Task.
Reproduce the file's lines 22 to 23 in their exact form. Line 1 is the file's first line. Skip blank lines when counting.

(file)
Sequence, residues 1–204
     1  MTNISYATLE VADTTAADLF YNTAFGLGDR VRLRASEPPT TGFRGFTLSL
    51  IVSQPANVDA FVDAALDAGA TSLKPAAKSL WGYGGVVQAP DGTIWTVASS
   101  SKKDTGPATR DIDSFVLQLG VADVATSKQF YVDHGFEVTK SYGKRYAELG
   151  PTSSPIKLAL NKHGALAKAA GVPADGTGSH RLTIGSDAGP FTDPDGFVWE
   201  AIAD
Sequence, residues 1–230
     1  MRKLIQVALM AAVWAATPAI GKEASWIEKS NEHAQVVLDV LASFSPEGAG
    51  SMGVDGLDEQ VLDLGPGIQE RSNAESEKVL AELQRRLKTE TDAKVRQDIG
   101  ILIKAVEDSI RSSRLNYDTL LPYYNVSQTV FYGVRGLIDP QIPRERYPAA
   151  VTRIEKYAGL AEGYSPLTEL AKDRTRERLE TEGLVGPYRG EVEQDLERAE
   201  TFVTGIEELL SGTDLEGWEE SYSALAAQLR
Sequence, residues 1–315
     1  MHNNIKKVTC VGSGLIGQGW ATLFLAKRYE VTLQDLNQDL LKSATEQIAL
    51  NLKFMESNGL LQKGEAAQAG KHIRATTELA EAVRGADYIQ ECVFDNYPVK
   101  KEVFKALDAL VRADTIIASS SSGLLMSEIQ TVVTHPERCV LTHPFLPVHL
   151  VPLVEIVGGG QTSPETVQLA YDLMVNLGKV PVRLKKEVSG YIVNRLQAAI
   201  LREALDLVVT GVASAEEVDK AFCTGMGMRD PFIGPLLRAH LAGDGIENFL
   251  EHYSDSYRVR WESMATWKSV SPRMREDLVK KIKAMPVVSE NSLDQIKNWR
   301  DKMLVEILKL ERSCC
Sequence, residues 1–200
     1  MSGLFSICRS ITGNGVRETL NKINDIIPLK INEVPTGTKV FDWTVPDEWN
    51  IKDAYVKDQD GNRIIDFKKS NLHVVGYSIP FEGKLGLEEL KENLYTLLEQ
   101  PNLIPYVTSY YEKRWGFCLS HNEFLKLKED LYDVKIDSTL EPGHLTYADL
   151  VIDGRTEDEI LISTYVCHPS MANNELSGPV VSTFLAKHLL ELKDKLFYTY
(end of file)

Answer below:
     1  MSGLFSICRS ITGNGVRETL NKINDIIPLK INEVPTGTKV FDWTVPDEWN
    51  IKDAYVKDQD GNRIIDFKKS NLHVVGYSIP FEGKLGLEEL KENLYTLLEQ